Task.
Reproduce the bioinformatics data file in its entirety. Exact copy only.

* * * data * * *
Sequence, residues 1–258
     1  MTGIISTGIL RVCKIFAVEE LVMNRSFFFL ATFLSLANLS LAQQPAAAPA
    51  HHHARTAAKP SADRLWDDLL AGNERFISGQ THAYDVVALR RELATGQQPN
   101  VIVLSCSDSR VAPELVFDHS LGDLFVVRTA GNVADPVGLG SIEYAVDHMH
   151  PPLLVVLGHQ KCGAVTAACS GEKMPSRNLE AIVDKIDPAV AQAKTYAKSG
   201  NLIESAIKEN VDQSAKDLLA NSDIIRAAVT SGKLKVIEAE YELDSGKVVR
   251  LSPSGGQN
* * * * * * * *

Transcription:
Sequence, residues 1–258
     1  MTGIISTGIL RVCKIFAVEE LVMNRSFFFL ATFLSLANLS LAQQPAAAPA
    51  HHHARTAAKP SADRLWDDLL AGNERFISGQ THAYDVVALR RELATGQQPN
   101  VIVLSCSDSR VAPELVFDHS LGDLFVVRTA GNVADPVGLG SIEYAVDHMH
   151  PPLLVVLGHQ KCGAVTAACS GEKMPSRNLE AIVDKIDPAV AQAKTYAKSG
   201  NLIESAIKEN VDQSAKDLLA NSDIIRAAVT SGKLKVIEAE YELDSGKVVR
   251  LSPSGGQN